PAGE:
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Labor

Labor cases, of course, are also business matters, and the courts are often asked to resolve conflicts between employers and their employees over matters regulated by federal or in some cases state law.  A pro-business court ought to decide a large majority of the cases against worker interests, but this past Term saw very mixed results.

Employment discrimination cases constituted a good part of the labor caseload, and the justices ruled against age discrimination in both the federal and the private sectors. In two related cases, the Court by a 7-2 majority held that a 19th century law designed to protect the legal rights of newly freed slaves also protected Hedrick Humphries, an African-American associate manager at a Cracker Barrel restaurant who complained to his boss, a white man, about the discriminatory treatment of a black waitress. Soon afterwards his manager fired Mr. Humphries, who sued under the 1866 law, alleging retaliation. The law had been understood to protect African-Americans from employment discrimination, but it made no mention of retaliation. In prior discrimination cases the Court has inferred a prohibition against retaliation, concluding that if people were not protected, they would be less likely to report discrimination.

Humphries took his complaint to the Equal Employment Opportunity Commission under the 1964 Civil Rights Act, but the district court dismissed the claim because he had failed to pay filing fees on time. He then refilled his case under §1981 (the 1866 Civil Rights Act) which is more lenient on deadlines but does not specifically mention retaliation, and the Seventh Circuit Court of Appeals upheld his right to pursue action under that law. Cracker Barrel appealed, and the majority, speaking through Justice Breyer, essentially read a right to fight retaliation into §1981.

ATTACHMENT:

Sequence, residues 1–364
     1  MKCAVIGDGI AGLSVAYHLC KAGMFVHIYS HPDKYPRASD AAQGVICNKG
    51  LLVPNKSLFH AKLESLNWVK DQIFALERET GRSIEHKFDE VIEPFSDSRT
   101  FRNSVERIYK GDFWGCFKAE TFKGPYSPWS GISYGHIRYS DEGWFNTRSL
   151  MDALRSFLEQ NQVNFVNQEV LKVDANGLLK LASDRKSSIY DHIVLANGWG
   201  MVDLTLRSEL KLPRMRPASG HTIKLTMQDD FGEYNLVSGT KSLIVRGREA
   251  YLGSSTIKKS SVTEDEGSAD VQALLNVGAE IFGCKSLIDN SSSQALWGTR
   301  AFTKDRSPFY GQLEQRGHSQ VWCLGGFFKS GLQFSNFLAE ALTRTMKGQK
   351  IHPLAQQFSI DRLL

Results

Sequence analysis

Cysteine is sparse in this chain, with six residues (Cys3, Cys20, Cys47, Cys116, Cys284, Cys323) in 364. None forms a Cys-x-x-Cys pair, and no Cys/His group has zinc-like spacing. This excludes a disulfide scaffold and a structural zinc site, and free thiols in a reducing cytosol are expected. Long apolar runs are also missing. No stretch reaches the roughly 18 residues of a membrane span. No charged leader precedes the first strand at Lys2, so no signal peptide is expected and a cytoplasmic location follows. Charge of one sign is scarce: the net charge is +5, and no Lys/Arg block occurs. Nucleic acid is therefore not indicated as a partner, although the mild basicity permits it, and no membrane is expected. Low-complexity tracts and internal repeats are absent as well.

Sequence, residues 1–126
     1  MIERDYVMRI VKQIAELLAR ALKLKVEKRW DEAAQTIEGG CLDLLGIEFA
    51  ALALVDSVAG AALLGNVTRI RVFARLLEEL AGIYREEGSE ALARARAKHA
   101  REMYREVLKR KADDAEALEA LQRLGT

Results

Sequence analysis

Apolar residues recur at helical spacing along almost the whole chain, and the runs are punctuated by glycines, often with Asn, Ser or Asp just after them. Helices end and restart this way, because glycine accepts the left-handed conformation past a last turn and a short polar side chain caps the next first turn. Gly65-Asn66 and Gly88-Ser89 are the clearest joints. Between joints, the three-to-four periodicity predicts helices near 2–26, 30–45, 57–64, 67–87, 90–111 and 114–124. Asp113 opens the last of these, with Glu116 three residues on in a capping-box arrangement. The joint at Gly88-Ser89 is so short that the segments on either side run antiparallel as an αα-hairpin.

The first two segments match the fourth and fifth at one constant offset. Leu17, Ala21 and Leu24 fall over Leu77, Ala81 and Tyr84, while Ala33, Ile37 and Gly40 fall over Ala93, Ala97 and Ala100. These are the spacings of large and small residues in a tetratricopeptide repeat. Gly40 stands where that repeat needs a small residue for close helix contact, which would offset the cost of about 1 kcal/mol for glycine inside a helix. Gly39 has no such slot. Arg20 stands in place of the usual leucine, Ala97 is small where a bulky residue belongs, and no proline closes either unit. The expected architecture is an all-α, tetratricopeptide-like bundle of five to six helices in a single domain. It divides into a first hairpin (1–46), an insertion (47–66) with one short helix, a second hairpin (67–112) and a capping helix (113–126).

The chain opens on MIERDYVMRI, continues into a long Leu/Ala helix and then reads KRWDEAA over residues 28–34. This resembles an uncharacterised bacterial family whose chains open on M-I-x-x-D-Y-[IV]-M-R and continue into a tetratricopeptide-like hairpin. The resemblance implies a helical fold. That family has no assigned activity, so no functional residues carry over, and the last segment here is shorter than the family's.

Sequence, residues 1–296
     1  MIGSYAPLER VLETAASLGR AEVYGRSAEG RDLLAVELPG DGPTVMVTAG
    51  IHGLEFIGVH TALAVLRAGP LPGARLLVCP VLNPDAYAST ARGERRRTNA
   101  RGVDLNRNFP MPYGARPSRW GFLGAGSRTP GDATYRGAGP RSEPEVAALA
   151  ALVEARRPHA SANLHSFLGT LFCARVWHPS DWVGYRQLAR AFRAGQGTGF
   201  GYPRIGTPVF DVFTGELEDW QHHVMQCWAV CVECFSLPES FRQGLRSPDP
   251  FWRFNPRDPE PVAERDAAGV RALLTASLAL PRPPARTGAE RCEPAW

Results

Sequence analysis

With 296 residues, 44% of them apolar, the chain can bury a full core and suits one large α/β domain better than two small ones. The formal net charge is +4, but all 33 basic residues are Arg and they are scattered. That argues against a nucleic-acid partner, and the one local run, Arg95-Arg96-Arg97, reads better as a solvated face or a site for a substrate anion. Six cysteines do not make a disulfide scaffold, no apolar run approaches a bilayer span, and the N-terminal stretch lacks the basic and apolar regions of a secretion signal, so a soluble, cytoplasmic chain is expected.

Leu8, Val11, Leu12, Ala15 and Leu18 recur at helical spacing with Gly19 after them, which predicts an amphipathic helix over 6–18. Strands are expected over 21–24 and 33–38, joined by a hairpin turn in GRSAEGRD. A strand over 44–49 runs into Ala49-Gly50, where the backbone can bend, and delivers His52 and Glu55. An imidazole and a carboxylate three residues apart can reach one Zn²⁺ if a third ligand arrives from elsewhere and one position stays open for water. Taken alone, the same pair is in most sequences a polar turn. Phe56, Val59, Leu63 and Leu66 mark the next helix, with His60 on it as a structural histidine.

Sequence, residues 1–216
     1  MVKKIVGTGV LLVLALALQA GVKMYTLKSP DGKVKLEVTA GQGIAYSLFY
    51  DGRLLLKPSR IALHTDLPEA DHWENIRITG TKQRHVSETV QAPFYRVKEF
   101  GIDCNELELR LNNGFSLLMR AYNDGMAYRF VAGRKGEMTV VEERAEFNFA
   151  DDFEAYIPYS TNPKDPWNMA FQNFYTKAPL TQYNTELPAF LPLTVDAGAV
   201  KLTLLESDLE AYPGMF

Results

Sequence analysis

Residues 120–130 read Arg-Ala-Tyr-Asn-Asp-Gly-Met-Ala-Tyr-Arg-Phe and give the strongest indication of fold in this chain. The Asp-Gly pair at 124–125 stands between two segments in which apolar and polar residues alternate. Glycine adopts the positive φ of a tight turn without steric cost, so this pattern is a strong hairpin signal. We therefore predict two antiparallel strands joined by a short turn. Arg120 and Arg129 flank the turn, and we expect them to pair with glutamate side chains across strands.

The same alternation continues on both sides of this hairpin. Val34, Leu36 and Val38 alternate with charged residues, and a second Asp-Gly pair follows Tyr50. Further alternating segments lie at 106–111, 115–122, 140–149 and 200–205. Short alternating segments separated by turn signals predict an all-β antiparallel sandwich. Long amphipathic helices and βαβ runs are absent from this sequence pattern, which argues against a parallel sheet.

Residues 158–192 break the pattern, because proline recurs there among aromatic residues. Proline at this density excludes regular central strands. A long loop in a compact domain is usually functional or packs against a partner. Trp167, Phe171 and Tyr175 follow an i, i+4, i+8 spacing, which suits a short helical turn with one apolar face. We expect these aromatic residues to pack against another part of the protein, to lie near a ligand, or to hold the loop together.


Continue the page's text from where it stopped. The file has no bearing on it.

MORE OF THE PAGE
Justice Thomas dissented, joined by Justice Scalia, who said that while the majority reasoning made sense, the wording of the law did not encompass that meaning, and if Congress wanted to include retaliation then it, and not the courts, should make that decision. (CBOCS West v. Humphries)

In a second case, the Court found that the Age Discrimination in Employment Act (ADEA) gave federal employees the right to sue claiming retaliation. The Court ruled in favor of Myrna Gomez-Perez, a former full-time postal service clerk in Dorado, Puerto Rico. In October 2002, Ms. Gomez-Perez, then 45, requested a transfer to the post office in Moca, Puerto Rico, in order to be closer to her ailing mother. The transfer was approved, but the facility only had a part-time position open.  When circumstances changed, she requested a transfer back to Dorado, but in the meantime her old position had been converted to part-time, and her supervisor had filled it with another employee.  After filing an unsuccessful union grievance, she entered a Postal Service age discrimination complaint.  She claimed that this triggered a round of harassment, she was herself falsely accused of sexual harassment of other employees, and her work hours reduced. She then filed a retaliation suit under the ADEA, but lost in the lower courts

The key question in Gomez-Perez v. Potter, according to Justice Alito, was whether the phrase "discrimination based on age" in the federal sector provision of ADEA "includes retaliation based on the filing of an age discrimination complaint," and he concluded that, based on prior decisions, it did. The decision thus gave federal employees the same protection against retaliation that workers in the private sector enjoyed.